A wonderful image from the Gazette, which ensures that every future Hawkeye homegame will seem like a splash fight in a bathtub:

"The gates are wide open," lake operations manager John Castle said about the Coralville Dam spillway. That is kicking out some 20,000 cubic feet of water, while the lake was taking 21,800 cubic feet per second.

For perspective, water rushing at 20,000 cubic feet per second would fill Kinnick Stadium in 16 minutes and 42 seconds if the stadium's corners were enclosed, said Kevin Monson, president of Neumann Monson Architects, which led the recent Kinnick renovation project.

Trevor Jackson said...

HGF: That's terrific. The numbers do nothing without context. Nearly four Kinnicks worth of water every hour.

SER said...

Lots of buildings are ordered closed as of tomorrow:

--Art Building West
--Art Building East
--Art Museum
--English and Philosophy Building
--Hancher Auditorium
--Iowa Advanced Technology Laboratory
--Iowa Memorial Union
--Main Library
--North Hall
--Stanley Hydraulics
--Theater Building
--Voxman/Clapp

cj said...

Craziness. Parts of I-80 near West Branch are now closed. I'm glad I don't live on that detour route.

Yesterday I took my kids to the archipelago formerly known as City Park -- you can still drive in to Upper City Park, then walk down the slope to what's left of Lower City Park. The tennis courts and baseball fields are all under water; a few playground areas are still above ground. I just read in the P-C that they're expecting the river level in Iowa City to rise another five feet by Tuesday.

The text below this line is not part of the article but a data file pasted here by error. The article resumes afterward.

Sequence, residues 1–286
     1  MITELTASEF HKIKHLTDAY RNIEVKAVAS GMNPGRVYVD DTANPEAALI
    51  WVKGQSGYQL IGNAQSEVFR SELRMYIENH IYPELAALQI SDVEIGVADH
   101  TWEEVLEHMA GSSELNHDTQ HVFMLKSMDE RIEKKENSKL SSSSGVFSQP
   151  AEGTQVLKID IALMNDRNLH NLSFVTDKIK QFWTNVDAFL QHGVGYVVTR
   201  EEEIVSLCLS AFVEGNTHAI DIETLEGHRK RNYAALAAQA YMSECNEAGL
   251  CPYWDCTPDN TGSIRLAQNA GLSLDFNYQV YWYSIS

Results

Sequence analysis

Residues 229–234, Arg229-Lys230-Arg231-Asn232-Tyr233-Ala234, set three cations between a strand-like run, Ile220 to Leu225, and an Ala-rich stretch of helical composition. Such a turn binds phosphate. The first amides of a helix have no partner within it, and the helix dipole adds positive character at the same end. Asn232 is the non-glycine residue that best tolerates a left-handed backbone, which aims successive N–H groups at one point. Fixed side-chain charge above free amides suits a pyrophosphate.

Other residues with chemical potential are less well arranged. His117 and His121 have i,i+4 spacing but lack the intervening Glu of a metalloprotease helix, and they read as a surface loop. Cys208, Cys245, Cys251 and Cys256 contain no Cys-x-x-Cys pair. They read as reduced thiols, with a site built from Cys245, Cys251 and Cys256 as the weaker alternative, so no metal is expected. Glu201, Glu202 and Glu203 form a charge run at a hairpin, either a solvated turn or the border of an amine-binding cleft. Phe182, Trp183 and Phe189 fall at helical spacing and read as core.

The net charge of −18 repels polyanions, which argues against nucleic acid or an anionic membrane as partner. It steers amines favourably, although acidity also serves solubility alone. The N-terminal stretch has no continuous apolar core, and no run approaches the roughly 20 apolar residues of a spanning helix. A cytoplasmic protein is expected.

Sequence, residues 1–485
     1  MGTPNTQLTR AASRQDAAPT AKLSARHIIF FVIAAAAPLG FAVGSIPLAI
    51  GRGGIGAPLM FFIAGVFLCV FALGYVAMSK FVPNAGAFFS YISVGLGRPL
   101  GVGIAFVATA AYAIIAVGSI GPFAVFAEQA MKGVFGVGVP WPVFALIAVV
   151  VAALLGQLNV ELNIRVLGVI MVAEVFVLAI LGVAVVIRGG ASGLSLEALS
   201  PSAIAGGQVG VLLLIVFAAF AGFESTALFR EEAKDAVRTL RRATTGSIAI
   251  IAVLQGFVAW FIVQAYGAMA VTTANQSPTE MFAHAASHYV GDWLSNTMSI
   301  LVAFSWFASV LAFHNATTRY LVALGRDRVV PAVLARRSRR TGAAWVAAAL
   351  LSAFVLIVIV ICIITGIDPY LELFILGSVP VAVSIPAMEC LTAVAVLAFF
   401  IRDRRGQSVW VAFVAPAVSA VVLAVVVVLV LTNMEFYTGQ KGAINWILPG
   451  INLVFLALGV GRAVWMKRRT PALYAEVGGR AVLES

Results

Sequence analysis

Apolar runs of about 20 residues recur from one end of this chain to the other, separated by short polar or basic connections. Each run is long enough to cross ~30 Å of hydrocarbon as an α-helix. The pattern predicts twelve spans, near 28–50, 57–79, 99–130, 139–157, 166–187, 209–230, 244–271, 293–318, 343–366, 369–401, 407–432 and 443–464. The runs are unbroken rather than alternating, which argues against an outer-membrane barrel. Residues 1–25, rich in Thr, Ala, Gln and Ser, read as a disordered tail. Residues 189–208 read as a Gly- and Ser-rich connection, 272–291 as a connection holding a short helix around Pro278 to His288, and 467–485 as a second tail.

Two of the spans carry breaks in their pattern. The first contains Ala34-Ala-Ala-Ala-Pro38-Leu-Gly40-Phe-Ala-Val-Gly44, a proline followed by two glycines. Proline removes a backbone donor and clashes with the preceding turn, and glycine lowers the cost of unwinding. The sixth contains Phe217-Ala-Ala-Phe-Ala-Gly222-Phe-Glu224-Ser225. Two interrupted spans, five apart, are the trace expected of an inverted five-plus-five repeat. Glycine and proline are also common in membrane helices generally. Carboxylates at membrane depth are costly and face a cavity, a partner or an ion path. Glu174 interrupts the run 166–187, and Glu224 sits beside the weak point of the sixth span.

I also read that much of Eastern Iowa is going to lose high-speed internet service soon, because of flooding at Qwest in Cedar Rapids.

cj said...

The Army Corps of Engineers is now estimating that the outflow from the Coralville reservoir will be 40,000 CFS by Tuesday. (Don't ask me what a CFS is.) In 1993, the peak was 27,000 CFS. They're estimating that the First Avenue/Highway 6 intersection in Coralville will be four feet under water by then.

SER said...

Yeah, TONS of road closures now. Someone just told me I-80 west of here is closed, and then I-80 east of here is closing soon. And I-380 is closed but it's unclear whether that's just to let emergency crews through for some reason. So many bridges and roads are closed here now that there's quite a bit of traffic.

The town of Hills expects to be underwater and is desperately asking for sandbaggers. The UI has laid 1 million sandbags but needs to do more. I'm heading to the IMU soon.

As an aside, when I was sandbagging the other day, I noticed TONS of staff and no faculty (from my college here). Come on, faculty.

Trevor Jackson said...

CFS = cubic feet per second. Double yesterday's release estimates; i.e., 8 Kinnicks an hour of water moving through.

The P-C reports that a railroad bridge in Cedar Rapids collapsed with eight cars on it. About 30 miles of I-80 will be closed by tomorrow morning. 380 is part of the detour route. Looks like they're directing interstate traffic to Hwy 30 through Mount Vernon.

SER said...